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May 30, 2014
Arizona uniquely troubled by water proposal

Arizona’s two Republican senators believe EPA’s proposed definition of waters of the United States cannot be reasonably applied to the unique water systems in their state. 

In a letter to EPA Administrator Gina McCarthy, Senators John McCain and Jeff Flake take the standard position of those opposing the proposal—that EPA’s definition would “extend federal jurisdiction far beyond what could credibly be considered Congress’ intent” in the Clean Water Act.  The issue of tributaries as addressed in the proposal is of particular concern to the senators.

“For example, the proposed rule assumes that all tributaries of traditional navigable waters or interstate waters have a significant nexus to such waters and are therefore subject to regulation under the CWA [Clean Water Act], regardless of distance, size, function, or amount of regulatory flow,” write the senators. 

The significant nexus test was the basis of Supreme Court Justice Arthur Kennedy’s pivotal opinion in Rapanos v. EPA, which formed much of the basis for EPA’s proposal.  But the senators assert that it is difficult to see how EPA’s assumption that all tributaries have a significant nexus to a traditional navigable water, without any site-specific analysis, is consistent with Kennedy’s opinion.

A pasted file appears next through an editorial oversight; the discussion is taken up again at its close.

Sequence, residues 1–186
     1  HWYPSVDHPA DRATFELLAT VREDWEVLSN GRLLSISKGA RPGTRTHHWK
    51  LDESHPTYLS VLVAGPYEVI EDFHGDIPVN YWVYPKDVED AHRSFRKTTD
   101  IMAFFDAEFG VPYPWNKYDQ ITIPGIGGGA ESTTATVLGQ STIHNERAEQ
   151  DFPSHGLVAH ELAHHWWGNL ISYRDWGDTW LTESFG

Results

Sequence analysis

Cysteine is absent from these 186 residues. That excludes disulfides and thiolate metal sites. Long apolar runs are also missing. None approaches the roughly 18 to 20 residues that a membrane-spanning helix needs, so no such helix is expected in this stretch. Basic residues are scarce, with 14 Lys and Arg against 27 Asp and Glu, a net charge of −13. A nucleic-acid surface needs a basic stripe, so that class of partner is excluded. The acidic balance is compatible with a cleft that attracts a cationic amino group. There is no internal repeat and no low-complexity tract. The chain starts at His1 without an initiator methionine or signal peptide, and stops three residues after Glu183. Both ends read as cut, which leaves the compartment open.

Ephemeral streams

In Arizona, the letter states, the vast majority of waters are desert washes that are part of ephemeral systems and often found at substantial distances from traditional navigable or interstate waters. 

“Under this proposal, every small ephemeral system of limited function, remote from traditional navigable or interstate waters, and with no practical ability to influence the physical, chemical, or biological integrity of those downstream waters would be regulated,” the senators write.  “In addition, unlike other states, Arizona is literally crisscrossed with man-made canals that are essential for critical water delivery.  Under EPA’s proposed assumptions, it is possible that every mile of these canals—including those that are not currently jurisdictional—will fall under EPA’s regulation.”

Since the definition will affect all the CWA’s regulatory programs, there will be a substantial impact on the state’s economy and particularly on the homebuilding and construction, agriculture, ranching, and mining sectors as well as on water delivery itself.

Lack of vegetation

The letter also raises the question of aridness in Arizona and other Southwestern states.  The EPA’s proposal would exempt gullies, rills, and swales from CWA jurisdiction.  In general, the Agency would identify such exempt water bodies by looking at vegetation to see if a flow has occurred.  However, vegetation that in other areas of the country is clear evidence of a swale or rill is often lacking in the Southwest.  In such cases, the EPA would look at the high-water mark and determine that regulation is required for water bodies that would be exempt in other parts of the country. 

According to McCain and Flake, this example is evidence that “troubling concerns unique to the arid Southwest in general and Arizona in particular have been given short shrift and merit additional analysis.”  The senators recommend that the EPA abandon its current proposed definition and develop a “meaningful proposal for evaluation that at a minimum limits federal jurisdiction and provides clarity and consistency for the regulated community.”

The McCain-Flake letter 

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